More than seven weeks later, the Hurricane Katrina survivors were provided financial and general assistance and were on their way to recovery.
Running on only 15 minutes of sleep some nights and being away from his family for several weeks, Smith was ready to return home. Looking back on his time at the Astrodome, Smith feels “forever blessed to have been part of the relief effort and to have met the dedicated volunteers I worked with.”
Currently, Smith remains extremely involved with the American Red Cross. He currently serves as the director of disaster services at the American Red Cross Bay Area Chapter, and recently returned from a relief operation for the Chilean earthquake.
About his years working with the American Red Cross, Smith says “I can not imagine doing anything else with my life. I will do this forever – whatever forever happens to be for me.”
Gregory Smith was in charge of financial services at the Houston Astrodome, one of the largest disaster shelters in history.
Harold Brooks – chief executive officer, American Red Cross Bay Area Chapter
By Caitlin Cobb
A long time chapter CEO at the American Red Cross, Harold Brooks is no stranger to disaster, or challenging situations that arise in the event of a major emergency.
Hurricane Katrina was no exception. In 2005, three days after the infamous hurricane wreaked havoc on the gulf coast, Brooks was called to Atlanta to manage 300,000 Katrina affected individuals who had been pushed into the Atlanta area.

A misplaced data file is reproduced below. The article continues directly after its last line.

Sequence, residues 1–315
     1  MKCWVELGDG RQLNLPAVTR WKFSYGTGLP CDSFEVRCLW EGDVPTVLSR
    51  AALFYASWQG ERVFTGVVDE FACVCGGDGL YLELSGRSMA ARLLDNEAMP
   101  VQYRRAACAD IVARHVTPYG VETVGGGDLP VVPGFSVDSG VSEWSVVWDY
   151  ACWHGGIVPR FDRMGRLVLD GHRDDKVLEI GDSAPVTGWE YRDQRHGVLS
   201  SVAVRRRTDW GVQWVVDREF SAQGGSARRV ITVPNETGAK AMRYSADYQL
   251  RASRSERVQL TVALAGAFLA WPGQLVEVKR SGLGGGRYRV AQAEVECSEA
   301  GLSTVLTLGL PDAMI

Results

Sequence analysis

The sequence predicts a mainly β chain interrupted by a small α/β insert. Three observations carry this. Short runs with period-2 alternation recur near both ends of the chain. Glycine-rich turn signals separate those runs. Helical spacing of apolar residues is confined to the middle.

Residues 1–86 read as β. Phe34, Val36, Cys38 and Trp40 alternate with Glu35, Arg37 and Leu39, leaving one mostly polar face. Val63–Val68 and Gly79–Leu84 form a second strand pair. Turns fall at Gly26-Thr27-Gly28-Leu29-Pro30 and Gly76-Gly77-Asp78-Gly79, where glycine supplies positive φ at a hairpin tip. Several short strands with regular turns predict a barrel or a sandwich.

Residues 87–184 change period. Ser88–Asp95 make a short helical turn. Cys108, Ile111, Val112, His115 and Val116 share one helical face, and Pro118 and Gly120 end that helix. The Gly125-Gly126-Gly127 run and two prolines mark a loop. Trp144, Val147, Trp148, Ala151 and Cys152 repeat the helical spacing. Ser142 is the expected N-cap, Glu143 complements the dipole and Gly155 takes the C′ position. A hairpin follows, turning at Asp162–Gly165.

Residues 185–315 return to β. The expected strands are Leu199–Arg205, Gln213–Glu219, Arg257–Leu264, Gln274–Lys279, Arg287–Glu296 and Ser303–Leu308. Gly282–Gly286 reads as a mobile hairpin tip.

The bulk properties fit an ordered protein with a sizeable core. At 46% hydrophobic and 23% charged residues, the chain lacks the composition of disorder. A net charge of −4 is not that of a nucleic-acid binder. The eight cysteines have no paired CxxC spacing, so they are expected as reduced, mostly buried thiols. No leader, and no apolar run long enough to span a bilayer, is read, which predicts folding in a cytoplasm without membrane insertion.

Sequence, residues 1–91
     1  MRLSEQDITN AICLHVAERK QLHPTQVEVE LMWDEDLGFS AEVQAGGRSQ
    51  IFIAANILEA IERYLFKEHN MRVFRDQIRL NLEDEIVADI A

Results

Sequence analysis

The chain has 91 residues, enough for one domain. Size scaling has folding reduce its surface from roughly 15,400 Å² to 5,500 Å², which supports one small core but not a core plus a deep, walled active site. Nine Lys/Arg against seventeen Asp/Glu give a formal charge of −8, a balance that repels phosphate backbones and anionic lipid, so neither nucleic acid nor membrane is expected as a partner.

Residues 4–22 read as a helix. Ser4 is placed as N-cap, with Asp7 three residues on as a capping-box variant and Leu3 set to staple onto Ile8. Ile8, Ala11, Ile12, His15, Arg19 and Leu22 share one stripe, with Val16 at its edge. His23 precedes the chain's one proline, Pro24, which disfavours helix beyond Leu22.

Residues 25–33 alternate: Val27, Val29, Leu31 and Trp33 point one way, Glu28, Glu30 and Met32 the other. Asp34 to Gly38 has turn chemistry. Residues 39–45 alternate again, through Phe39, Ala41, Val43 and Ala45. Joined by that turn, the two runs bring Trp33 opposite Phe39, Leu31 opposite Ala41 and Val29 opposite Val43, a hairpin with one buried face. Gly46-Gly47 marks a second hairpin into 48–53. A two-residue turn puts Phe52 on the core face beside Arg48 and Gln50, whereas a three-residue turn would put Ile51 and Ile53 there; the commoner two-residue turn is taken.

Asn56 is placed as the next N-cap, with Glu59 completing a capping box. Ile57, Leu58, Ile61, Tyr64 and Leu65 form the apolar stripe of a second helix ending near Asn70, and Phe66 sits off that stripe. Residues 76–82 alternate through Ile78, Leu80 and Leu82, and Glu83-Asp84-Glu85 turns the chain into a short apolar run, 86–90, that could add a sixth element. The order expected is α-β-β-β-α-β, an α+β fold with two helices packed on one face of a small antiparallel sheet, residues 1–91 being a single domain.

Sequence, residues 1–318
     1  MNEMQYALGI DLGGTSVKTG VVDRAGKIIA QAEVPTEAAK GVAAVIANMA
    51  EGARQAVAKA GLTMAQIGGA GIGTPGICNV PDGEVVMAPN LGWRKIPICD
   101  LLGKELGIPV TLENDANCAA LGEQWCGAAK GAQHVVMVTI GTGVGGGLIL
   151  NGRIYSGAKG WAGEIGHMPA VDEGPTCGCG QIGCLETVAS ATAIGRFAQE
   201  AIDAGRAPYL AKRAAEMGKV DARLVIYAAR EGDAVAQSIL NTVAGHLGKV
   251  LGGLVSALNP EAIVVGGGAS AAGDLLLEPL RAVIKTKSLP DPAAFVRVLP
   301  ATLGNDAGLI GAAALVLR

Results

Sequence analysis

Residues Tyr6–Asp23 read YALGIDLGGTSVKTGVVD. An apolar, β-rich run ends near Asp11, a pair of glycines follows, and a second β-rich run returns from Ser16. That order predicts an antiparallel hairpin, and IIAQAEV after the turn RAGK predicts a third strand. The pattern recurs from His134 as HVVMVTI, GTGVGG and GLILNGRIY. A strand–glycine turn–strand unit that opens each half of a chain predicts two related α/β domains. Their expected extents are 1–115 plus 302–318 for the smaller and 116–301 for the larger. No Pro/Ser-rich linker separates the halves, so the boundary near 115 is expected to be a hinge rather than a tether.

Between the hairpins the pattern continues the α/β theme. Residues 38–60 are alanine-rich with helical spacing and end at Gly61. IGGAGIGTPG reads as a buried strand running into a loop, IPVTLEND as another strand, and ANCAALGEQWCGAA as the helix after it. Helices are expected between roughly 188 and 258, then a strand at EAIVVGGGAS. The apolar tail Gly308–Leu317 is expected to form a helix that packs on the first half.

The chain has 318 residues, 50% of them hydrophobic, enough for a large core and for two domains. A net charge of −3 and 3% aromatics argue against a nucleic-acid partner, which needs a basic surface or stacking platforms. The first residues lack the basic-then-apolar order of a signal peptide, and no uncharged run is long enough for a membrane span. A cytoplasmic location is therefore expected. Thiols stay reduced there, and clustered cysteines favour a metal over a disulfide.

Brooks had spent approximately two years working in Atlanta, so he was familiar with the community as well as county and political leaders in the area. Thus, it was an easy transition for him to begin working as the interim CEO in Atlanta.
For several weeks, Brooks dealt with a myriad of problems mainly stemming from the mass number of people who were evacuated to the Atlanta area.
“All systems, and all people were overwhelmed,” he said. “The Red Cross symbol was strong throughout the Atlanta community – after a while, people were expecting the Red Cross to make them whole again, or even better than they were before Katrina.”
Brooks took it upon himself to ensure that the Red Cross mission was represented and well articulated.
It took approximately three weeks for the situation to calm down in Atlanta, at which point, Brooks returned to the Bay Area to assist the relief efforts at home.
The Bay Area was only faced with approximately 5,000 Katrina evacuees, but the situation was dramatic nonetheless.
One of the most important aspects of disaster relief in the Bay Area was maintaining partnerships with other organizations throughout the Bay Area.
“The needs of the people coming out of the gulf coast were severe,” Brooks said. “It was necessary to work with all of our community partners to ensure that everyone’s needs were met.”
After spending time on the gulf coast immediately following the devastating aftermath of Hurricane Katrina, Brooks began to think even more definitively about the importance of preparedness at home in the Bay Area.
“There is a clear importance and need for us here in the Bay Area to be ready for an overwhelming situation – the entire infrastructure failed in the gulf coast disaster – we cannot let that happen here,” Brooks said. “The time to prepare is now, and my sense of urgency is very high, because we will not have the kind of warning that the gulf coast did.”
Knowing firsthand the destruction that natural disasters can cause, Harold Brooks, remains committed to ensuring that the Bay Area community is prepared.